Why cyber security failures could see SMEs frozen out of procurement
The UK’s small and medium-sized enterprises (SMEs) are putting themselves at risk of being frozen out of procurement opportunities due to their cyber security failures.
This is according to KPMG, which recently published a report looking at the IT security shortcomings of the nation’s small businesses.
What the report found
KPMG questioned 175 procurement managers from across the UK and found that 70 per cent believe SMEs should be doing more to protect their digital assets.
From taking action to prevent cyber attacks to making sure that sensitive customer data is properly protected, the majority of small firms were found to be failing when it came to keeping their IT systems safe from harm.
In addition, 86 per cent of survey respondents said they would remove an SME supplier from a contract if their computer system was hacked due to the risks this could present to their own business. Overall, 94 per cent of procurement leaders believe that cyber security is of high importance when supplier contracts are being awarded.
Missing out on procurement opportunities
Procurement managers expect a certain standard of cyber security from their suppliers, as any hacks or issues will also reflect badly on themselves and could lead to long-term reputational and financial damage to their brand.
Many respondents said they want SME suppliers to be able to prove they are reputable in terms of cyber security, with 41 per cent expecting contractors to pay for their own accreditations and formally commit to improving their online security in the future to give them the greatest peace of mind.
What’s more, almost half (47 per cent) of procurement chiefs have policies in place that state small suppliers have to let them know if they have been hacked, or they could lose their contract.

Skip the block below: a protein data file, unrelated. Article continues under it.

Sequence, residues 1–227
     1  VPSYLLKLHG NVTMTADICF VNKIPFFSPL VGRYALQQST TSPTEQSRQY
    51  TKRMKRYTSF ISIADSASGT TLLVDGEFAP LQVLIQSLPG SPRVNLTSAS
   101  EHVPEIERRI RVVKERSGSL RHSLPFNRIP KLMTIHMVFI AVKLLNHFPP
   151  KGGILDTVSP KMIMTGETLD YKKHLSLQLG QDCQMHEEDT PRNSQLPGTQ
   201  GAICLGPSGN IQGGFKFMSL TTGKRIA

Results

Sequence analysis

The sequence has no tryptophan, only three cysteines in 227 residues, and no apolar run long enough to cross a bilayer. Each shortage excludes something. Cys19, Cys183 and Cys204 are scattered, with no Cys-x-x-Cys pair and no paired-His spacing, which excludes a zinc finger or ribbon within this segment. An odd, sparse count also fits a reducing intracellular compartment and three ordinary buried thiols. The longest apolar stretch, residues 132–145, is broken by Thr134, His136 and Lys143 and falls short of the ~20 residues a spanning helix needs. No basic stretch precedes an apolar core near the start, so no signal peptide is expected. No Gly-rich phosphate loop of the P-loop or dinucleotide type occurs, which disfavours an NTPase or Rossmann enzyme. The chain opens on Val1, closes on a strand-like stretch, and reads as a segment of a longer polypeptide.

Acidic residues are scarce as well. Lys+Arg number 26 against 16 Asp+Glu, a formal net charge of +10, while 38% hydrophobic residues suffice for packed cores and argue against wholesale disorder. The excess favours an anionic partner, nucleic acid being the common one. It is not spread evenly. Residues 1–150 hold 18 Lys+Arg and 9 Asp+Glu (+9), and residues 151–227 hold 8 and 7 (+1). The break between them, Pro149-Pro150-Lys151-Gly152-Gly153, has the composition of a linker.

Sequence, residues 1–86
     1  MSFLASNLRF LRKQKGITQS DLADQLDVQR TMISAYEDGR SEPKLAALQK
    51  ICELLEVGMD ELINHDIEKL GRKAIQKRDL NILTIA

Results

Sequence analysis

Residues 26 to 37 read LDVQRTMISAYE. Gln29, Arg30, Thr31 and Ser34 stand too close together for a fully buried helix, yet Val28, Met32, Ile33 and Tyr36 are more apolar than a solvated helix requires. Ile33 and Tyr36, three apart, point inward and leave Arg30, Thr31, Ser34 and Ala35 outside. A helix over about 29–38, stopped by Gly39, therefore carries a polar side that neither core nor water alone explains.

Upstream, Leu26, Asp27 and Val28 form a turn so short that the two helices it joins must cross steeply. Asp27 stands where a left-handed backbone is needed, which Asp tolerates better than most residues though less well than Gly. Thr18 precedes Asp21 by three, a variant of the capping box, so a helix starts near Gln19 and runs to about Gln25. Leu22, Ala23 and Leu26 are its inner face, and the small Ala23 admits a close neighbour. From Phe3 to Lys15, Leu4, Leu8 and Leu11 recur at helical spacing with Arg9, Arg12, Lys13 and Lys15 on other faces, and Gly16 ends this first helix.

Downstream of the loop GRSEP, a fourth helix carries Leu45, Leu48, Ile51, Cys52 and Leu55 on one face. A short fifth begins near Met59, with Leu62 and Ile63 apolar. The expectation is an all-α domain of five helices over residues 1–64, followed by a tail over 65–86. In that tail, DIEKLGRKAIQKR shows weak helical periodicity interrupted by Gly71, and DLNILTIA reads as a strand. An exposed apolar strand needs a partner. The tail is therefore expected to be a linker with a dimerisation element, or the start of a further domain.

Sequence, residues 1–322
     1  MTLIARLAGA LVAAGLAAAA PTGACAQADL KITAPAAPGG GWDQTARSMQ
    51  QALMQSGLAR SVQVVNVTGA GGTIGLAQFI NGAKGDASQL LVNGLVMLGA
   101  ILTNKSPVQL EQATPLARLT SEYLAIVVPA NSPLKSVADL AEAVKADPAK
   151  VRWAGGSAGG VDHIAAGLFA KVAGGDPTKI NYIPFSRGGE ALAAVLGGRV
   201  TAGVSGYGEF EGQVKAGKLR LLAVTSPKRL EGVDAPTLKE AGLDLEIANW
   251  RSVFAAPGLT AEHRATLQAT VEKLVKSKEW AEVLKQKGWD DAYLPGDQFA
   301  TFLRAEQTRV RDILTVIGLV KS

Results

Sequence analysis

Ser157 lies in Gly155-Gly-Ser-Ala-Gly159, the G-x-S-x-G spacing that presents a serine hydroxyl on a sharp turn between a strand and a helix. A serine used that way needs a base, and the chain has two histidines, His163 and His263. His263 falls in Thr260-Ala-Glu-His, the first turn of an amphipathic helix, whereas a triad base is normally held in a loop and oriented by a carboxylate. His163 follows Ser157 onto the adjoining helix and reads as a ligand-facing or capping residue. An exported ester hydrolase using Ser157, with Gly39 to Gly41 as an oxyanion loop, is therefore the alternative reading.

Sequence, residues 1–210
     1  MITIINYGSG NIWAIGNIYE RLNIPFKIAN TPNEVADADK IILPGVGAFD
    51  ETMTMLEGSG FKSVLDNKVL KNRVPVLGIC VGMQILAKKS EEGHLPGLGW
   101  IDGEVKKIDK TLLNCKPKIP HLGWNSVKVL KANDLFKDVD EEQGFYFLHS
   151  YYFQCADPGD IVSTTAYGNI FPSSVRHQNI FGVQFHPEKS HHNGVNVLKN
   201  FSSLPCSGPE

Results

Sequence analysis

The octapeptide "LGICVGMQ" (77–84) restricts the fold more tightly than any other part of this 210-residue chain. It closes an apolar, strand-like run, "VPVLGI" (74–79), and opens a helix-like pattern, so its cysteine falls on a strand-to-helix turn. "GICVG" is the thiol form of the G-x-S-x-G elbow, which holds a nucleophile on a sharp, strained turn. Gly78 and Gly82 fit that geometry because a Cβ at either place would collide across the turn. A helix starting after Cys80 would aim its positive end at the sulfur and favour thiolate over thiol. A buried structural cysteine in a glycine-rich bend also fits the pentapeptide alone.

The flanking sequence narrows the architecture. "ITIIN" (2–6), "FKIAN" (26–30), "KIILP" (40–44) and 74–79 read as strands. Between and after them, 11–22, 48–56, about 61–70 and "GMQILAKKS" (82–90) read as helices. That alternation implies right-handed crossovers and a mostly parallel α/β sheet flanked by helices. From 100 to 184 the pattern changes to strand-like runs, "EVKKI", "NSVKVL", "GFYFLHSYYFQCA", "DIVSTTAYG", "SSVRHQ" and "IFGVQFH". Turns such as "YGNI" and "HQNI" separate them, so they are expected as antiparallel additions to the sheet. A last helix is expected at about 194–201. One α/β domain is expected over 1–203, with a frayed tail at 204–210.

George Quigley, a cyber security practice partner at KPMG, commented: “Cyber security is not just a technical issue anymore; it has become a business critical issue for the UK’s SMEs. Larger companies are placing an increased emphasis on the cyber security of their suppliers and increasingly the onus is on SMEs to show that they are tackling this issue head on.
“Unfortunately, many SMEs still take a blase approach towards cyber security and mistakenly don’t see themselves as targets of cyber criminals. Unless these organisations take a more mature approach towards cyber security now, they face the risk of being frozen out of lucrative supplier contracts.”
Mr Quigley added that the focus on cyber security is only likely to increase even further in the coming months and years, meaning it is vital that SMEs take action as soon as possible to improve their cyber maturity levels.
Not only does failure to do so mean they could be missing out on procurement opportunities, it also means they will fall dramatically behind their security savvy counterparts in terms of revenue, progress and making an impact on the market.
How SMEs can improve their cyber security
So, how can SMEs improve their IT security and their cyber maturity levels?
Simple steps such as choosing hard-to-guess passwords to protect accounts are no longer enough, which is why there has been such a steep rise in cyber security recruitment of late.
Expertise in the field is highly coveted, with the IT and computing roles constantly coming out on top in terms of demand in the recent monthly Report on Jobs round-ups from KPMG and the Recruitment and Employment Confederation.
While this is good news for those with desired cyber security skills and knowledge, KPMG’s findings demonstrate that unless SMEs take action soon to up their game in this area, their futures could look very bleak indeed.
Our 2015 Mid-Year Report combines a review of the prevailing conditions in the security recruitment market with the results of a comprehensive compensation survey, covering both permanent and contract security practitioners.